This article offers a particular analytic method from systemic functional linguistics, thematic analysis, which reveals the mathematical meaning potentials construed in discourse. Addressing concerns that discourse analysis is too often content-free, thematic analysis provides a way to represent semantic structures of mathematical content, allows for content comparisons to be drawn between classroom episodes, and identifies points of possible student misinterpretation. Analyses of 2 middle school classroom excerpts focusing on area—1 that derives triangle area formulas from the rectangle area formula and another that connects parallelogram and rectangular area— are used to delineate the method. Descriptions of similarities and differences in the classroom discourse highlight how, in each classroom, mathematical terms such as base and height were used in semantically related but distinct ways. These findings raise the question of whether students were aware of and able to navigate such semantic shifts.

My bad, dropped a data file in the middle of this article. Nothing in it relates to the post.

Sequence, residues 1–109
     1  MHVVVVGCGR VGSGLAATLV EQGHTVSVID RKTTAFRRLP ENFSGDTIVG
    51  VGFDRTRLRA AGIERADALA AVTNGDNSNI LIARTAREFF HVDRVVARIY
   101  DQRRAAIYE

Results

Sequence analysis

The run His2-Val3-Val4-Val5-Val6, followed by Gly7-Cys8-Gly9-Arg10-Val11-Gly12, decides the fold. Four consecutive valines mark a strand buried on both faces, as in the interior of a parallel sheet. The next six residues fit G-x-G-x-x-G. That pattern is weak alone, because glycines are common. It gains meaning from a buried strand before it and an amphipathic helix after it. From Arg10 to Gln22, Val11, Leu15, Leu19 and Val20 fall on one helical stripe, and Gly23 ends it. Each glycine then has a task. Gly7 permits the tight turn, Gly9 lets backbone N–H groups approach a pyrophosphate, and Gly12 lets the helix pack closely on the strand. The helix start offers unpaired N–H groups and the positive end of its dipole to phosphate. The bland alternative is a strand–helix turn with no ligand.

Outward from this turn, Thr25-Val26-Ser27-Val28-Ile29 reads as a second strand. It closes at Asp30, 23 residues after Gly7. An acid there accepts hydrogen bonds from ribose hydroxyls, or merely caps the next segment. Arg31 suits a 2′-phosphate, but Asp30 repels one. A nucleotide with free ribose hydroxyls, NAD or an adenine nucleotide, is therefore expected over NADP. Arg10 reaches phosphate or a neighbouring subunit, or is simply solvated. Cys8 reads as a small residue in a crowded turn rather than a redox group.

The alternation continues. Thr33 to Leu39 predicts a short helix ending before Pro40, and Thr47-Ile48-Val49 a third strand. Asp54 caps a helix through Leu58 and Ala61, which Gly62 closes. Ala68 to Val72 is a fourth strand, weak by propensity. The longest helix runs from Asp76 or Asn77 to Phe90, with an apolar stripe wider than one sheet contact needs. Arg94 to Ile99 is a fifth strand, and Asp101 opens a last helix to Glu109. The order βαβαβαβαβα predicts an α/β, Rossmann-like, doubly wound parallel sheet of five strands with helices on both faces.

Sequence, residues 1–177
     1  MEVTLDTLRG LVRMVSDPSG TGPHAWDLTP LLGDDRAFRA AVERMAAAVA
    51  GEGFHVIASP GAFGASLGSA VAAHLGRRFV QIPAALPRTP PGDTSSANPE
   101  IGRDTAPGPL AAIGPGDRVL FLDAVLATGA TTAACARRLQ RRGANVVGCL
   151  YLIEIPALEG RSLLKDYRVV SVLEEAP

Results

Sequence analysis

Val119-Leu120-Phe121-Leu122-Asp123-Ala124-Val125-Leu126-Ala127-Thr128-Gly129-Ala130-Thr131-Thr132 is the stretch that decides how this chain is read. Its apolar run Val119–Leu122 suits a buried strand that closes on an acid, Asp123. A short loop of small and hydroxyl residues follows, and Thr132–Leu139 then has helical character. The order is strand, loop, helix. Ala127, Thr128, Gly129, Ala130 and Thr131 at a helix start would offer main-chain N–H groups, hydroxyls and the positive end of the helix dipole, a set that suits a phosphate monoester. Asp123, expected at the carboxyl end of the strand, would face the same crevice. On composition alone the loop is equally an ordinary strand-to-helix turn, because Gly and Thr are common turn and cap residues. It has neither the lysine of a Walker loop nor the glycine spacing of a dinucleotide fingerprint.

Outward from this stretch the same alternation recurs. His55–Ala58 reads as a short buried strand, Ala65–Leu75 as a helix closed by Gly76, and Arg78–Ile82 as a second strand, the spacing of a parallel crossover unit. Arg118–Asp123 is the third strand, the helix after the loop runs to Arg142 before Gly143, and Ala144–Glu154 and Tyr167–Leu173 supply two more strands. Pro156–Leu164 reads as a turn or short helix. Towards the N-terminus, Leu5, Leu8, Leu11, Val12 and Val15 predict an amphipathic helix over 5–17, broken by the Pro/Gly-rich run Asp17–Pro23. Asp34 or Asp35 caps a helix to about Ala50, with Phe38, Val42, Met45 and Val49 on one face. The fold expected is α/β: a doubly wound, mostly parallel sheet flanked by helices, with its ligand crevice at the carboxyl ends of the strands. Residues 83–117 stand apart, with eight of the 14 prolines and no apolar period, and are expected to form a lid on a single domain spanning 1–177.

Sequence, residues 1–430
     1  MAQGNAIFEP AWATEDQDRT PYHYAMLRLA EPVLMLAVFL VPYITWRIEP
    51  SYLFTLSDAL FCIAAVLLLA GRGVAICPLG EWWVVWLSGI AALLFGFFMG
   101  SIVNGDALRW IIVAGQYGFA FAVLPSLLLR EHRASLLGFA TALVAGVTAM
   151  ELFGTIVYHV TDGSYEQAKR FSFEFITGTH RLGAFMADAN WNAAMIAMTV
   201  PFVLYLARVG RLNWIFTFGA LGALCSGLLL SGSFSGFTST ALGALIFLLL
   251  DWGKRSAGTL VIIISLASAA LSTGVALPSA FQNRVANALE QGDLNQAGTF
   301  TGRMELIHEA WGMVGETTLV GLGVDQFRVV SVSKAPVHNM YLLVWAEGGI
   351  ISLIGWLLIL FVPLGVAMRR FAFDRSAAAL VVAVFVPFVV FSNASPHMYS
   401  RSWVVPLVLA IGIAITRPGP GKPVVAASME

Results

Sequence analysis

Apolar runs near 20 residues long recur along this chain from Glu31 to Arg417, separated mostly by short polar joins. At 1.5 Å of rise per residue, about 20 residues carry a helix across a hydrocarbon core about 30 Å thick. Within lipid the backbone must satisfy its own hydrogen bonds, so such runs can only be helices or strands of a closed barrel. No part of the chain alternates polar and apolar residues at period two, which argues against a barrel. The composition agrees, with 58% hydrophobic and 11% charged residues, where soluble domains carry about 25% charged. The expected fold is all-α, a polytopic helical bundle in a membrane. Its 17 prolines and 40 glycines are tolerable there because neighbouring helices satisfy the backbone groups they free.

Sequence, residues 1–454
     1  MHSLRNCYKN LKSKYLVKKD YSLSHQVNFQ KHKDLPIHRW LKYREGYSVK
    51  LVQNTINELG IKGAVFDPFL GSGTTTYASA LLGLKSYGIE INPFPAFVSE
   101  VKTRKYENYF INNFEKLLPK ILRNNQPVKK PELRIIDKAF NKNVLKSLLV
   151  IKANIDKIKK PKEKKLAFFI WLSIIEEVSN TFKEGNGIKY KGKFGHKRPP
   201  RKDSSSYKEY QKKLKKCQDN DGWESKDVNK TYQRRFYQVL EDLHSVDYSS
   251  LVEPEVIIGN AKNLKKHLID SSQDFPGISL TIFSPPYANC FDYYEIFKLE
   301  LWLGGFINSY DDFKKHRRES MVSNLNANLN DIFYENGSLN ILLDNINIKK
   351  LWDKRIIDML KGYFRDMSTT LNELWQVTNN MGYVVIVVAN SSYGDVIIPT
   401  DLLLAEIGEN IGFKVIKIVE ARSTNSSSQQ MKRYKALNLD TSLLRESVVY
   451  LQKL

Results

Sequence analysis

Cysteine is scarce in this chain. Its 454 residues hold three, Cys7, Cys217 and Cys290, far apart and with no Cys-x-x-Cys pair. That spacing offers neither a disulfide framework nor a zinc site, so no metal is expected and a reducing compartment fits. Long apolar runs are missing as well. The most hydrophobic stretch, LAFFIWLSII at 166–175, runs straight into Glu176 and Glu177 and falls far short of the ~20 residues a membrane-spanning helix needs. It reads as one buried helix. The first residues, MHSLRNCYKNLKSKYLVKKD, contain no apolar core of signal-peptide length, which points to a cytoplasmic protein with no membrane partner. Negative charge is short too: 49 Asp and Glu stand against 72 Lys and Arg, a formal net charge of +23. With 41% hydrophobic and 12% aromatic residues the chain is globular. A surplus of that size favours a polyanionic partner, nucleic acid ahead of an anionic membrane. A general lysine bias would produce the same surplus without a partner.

Contributor Notes

Beth A. Herbel-Eisenmann, Teacher Education, 329 Erickson Hall, Michigan State University, East Lansing, MI 48824; bhe@msu.edu

Samuel Otten, Science and Mathematics Education, N207 North Kedzie Hall, Michigan State University, East Lansing MI 48824; ottensam@msu.edu

(Corresponding author is Herbel-Eisenmann bhe@msu.edu)(Corresponding author is Otten ottensam@msu.edu)
Journal for Research in Mathematics Education

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